SEC Commissioner Roisman Suggests Safe Harbor for ESG Disclosures
Republican SEC Commissioner Elad Roisman, who has expressed considerable skepticism concerning the SEC's recent moves towards mandatory ESG disclosures, suggested in a speech yesterday to the ESG Board Forum that the SEC "consider a safe harbor for companies that are earnestly trying to provide this new [ESG] information, along the lines of that which is available for companies' forward-looking statements."
These comments are quite significant. First, they reflect a re-focusing of Commissioner Roisman's efforts from outright opposition to the promulgation of SEC disclosure rules concerning ESG issues to attempts to influence the ultimate nature and structure of those disclosure rules. Specifically, in Commissioner Roisman's speech, he stated that he "realize[s] that the agency has such rules in process," and so he chose to focus on the "potential costs of any new ESG disclosure regime and ways to mitigate them." This statement only reinforces the conclusion that the SEC will soon promulgate a "new ESG disclosure regime." (Indeed, SEC Chairman Gensler confirmed as much in recent Congressional testimony. (https://www.sec.gov/news/testimony/gensler-2021-05-26 ("I look forward to staff recommendations on proposing rules regarding issuer disclosure of climate risks and human capital. I anticipate that this will be the initial steps in our broader efforts to update our disclosure regime for modern markets."))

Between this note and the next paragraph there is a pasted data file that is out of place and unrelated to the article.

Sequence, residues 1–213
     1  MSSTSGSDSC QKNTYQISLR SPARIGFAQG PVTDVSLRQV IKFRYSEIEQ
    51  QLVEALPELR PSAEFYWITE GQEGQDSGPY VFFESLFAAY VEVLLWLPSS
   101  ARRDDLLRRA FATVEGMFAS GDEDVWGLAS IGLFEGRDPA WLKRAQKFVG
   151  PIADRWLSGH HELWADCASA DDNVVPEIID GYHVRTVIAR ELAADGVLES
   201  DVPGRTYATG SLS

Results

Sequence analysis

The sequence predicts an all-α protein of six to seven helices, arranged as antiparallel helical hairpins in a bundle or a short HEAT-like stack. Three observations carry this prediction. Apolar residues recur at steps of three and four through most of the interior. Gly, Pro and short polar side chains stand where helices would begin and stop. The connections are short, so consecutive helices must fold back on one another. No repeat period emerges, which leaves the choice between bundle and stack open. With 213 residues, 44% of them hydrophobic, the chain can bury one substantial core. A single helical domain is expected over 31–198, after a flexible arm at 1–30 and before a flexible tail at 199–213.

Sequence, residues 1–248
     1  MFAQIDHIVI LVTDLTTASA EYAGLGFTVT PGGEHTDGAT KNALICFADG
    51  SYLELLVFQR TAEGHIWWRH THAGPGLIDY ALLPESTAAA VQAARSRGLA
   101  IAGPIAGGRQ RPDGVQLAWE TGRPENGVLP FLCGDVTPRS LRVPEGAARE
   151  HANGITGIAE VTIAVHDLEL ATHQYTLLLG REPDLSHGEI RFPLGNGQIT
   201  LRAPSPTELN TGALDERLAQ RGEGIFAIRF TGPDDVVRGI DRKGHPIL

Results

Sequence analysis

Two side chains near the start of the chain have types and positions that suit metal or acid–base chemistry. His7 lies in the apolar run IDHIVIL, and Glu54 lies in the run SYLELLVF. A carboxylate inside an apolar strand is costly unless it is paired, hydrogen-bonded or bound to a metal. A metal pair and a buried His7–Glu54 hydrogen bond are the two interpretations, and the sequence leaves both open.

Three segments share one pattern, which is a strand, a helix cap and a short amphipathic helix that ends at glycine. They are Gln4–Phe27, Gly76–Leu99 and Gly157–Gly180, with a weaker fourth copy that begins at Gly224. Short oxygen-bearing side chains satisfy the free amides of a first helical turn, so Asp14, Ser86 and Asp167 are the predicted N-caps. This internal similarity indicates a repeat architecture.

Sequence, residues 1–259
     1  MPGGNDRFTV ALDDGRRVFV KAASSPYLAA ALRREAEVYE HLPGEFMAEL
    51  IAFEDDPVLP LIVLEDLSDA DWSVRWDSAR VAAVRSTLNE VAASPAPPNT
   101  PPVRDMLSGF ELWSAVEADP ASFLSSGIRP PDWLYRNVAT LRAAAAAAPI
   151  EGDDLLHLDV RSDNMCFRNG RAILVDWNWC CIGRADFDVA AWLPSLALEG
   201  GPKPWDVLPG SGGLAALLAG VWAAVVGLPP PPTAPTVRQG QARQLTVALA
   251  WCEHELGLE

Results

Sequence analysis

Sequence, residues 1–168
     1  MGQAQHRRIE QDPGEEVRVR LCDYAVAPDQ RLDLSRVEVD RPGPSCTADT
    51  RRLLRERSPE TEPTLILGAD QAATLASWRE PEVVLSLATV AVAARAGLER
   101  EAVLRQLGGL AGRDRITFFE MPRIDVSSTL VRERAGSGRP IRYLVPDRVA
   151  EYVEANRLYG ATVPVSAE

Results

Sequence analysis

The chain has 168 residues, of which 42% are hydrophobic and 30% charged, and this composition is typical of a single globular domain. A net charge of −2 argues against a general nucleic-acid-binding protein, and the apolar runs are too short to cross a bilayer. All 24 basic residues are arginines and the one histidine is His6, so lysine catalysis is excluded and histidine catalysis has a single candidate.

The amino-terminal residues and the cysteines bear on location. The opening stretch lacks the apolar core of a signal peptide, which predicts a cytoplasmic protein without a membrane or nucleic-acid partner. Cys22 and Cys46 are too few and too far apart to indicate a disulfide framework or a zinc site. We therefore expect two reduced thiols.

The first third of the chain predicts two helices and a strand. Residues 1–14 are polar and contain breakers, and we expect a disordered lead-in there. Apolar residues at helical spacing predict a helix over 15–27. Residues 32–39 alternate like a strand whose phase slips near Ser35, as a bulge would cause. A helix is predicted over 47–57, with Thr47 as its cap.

Second, Commissioner Roisman recognized that this new ESG disclosure regime would likely lead to an explosion in securities litigation, remarking that the SEC "will have to address the inevitable litigation risk that will come with such sweeping new disclosure requirements." Although the exact nature and extent of claims brought in such private securities litigation cannot be precisely determined in the absence of the SEC rules themselves, it seems apparent that such litigation will be forthcoming, and corporate America will have to prepare to confront an onslaught of new securities claims, whether based on current lawsuits or novel theories of liability.
Next, I think the Commission will have to address the inevitable litigation risk that will come with such sweeping new disclosure requirements. Costs surrounding private securities litigation have increased tremendously in the last decade. I worry that if we were to add a slew of new disclosure requirements—especially requirements that are not based on a materiality standard—we would expose companies (and their investors), boards, and management to numerous costly lawsuits when they are merely trying to provide information to satisfy a regulatory requirement. How can we balance the desire for new disclosure with the liability of providing estimates?
I would advocate we consider a safe harbor for companies that are earnestly trying to provide this new information, along the lines of that which is available for companies’ forward-looking statements. We would be asking companies to tell us what they know, as best as they can discern it. I worry we would chill that effort if we did not provide them some space to provide that disclosure.